Once again, the Second Amendment debate is front and center in the news. Whenever people violate the rules of human decency, exposing foundational flaws in our society even a turnip knows will never be fixed with some new law, people scream for action. “Just do something!”Predictably, the “do something” drumbeat points to proposed new gun laws and a challenge to the Second Amendment in principle. Then the pontificating begins (from those who’ve not read seven syllables of writings by our country’s founders) with, let’s say, creative and again predictable, hot takes.
The most frightening thing about this rash of mandates and “show me your papers” requirements is how it’s setting up a never-ending barrage of similar behavior. Under the logic of “for the public’s health,” we’re turning one small step into a giant leap, straight into a pile of…
If you put your iPhone to the ground, you’ll hear distant war drums beating. On a quiet day, you might also catch hints of Silicon Valley boardroom debates. They know trouble is on the horizon, and I’ll bet some of that crypto money tech company bigwigs are wondering how the heck they’re going to respond.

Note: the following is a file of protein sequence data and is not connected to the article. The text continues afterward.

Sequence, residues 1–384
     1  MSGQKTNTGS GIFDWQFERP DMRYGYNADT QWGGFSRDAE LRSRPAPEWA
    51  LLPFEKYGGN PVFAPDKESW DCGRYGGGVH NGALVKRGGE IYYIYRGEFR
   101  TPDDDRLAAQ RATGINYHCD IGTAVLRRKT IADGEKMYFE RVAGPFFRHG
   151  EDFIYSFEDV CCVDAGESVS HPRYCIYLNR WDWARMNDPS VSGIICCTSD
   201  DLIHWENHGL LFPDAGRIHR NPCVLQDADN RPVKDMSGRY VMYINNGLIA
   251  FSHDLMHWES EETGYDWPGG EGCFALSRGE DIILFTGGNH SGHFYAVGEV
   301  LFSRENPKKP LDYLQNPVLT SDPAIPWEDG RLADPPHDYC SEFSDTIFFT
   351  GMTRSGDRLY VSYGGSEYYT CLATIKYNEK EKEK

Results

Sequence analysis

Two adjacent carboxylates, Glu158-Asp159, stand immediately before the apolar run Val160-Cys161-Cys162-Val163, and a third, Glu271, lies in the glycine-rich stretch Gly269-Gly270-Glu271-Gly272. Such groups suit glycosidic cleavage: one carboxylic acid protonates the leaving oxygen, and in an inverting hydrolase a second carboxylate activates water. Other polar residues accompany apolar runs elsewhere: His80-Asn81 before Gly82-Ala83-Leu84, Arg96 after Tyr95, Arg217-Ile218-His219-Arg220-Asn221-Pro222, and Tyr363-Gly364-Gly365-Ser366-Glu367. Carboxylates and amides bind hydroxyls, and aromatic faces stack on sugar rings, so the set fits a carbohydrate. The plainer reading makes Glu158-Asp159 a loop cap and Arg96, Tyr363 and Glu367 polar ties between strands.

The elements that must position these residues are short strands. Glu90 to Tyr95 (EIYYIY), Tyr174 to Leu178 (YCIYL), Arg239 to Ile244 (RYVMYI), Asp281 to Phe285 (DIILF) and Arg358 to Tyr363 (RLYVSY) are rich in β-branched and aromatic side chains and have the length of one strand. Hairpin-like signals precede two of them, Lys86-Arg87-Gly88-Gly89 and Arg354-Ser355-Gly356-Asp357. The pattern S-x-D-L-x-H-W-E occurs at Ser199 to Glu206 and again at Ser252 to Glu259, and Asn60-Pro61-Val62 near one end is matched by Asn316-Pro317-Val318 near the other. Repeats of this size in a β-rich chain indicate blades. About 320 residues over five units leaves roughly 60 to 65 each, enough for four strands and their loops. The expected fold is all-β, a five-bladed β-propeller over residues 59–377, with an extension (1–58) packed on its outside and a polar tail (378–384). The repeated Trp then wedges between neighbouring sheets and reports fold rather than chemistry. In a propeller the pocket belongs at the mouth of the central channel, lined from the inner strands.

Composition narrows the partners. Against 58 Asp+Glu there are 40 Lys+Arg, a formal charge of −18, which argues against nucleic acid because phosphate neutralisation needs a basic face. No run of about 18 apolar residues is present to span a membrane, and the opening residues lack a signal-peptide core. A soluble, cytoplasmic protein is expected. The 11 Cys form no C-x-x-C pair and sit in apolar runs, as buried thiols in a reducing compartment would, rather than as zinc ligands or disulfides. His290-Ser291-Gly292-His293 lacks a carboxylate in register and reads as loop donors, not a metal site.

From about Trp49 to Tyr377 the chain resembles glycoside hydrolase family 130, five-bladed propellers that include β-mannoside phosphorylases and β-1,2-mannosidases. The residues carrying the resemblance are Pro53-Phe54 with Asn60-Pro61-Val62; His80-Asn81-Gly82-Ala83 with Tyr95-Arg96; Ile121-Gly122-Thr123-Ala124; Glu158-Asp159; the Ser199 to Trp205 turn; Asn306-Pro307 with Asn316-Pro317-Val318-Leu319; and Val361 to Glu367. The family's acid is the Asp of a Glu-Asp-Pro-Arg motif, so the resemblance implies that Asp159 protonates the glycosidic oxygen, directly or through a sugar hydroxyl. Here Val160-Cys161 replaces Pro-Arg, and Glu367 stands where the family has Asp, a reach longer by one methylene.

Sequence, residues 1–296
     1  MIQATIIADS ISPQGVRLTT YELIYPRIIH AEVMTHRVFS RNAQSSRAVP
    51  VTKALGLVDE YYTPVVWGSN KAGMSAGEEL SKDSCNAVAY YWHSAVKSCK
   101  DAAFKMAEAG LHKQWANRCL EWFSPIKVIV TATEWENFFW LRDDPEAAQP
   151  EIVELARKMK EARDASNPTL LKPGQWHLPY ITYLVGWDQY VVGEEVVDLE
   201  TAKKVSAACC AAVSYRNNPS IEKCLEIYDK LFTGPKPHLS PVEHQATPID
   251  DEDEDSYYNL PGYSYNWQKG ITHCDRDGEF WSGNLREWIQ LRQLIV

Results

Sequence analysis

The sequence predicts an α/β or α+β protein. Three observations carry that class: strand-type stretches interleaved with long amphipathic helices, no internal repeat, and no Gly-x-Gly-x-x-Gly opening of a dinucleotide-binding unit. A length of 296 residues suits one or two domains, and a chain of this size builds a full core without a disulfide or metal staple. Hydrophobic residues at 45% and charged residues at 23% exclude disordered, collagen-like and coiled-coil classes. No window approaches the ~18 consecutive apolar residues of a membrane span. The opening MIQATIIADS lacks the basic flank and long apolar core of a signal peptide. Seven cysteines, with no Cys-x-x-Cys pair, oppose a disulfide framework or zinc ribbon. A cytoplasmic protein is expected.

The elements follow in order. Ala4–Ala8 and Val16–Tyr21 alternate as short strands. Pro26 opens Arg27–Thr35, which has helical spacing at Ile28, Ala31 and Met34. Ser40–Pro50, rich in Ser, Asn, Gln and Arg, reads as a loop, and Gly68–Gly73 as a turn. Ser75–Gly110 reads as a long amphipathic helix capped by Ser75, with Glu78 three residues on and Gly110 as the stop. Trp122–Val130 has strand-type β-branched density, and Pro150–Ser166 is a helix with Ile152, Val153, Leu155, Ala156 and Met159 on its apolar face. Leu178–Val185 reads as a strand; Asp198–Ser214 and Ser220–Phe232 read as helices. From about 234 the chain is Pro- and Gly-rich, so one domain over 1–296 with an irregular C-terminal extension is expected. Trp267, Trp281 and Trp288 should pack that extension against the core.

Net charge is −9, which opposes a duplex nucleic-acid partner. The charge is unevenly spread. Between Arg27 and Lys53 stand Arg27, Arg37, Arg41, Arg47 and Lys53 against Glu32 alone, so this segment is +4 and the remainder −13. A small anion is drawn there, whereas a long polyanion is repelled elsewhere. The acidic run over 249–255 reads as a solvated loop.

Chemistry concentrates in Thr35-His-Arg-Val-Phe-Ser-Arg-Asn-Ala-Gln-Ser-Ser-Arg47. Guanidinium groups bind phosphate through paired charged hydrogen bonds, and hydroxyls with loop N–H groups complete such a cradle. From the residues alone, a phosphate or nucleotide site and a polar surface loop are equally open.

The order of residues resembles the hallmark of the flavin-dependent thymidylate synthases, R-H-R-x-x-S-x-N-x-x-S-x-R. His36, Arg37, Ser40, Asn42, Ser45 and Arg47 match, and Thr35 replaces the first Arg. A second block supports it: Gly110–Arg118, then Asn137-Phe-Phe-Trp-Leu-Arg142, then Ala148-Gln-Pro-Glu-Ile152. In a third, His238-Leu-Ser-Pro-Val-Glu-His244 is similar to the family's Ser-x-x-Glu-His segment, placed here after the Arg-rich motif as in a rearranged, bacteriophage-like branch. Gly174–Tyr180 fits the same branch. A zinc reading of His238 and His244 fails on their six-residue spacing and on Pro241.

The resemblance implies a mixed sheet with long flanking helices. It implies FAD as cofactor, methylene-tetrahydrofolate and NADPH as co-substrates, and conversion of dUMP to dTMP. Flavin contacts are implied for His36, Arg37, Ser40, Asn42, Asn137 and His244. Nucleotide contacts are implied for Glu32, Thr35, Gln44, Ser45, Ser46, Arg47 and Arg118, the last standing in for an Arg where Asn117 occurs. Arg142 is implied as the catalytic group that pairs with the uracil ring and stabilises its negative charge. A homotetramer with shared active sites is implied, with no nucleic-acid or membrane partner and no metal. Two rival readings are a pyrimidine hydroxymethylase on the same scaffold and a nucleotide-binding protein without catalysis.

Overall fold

Listening to the nightly news and politicians’ bloviation, one might think it’s protecting its citizens from themselves. Perhaps the purpose of government is to provide for national security. Or maybe it’s providing a safe, stable, and level playing field for its citizens. Some believe government’s role is to provide for the national welfare, whatever that means.Looking at a founders’ view of government, the purpose is to protect the natural rights of those who elect to be governed.
The American Constitutional Rights Union defines a crisis tyrant as a leader who uses a crisis — like the COVID-19 pandemic — to justify and grease the skids of their tyrannical behavior. The “crisis” element adds a layer or two of “despicable” as the exercise of power comes on the backs of those enduring a crisis or tragedy.
Tom McHale is an author and Editor of American Handgunner magazine. He’s published seven books to date, most of which focus on Second Amendment-related topics, concealed carry, personal defense, and guns and shooting. During the past 10 years, Tom has published nearly 2,000 articles across a variety of publications.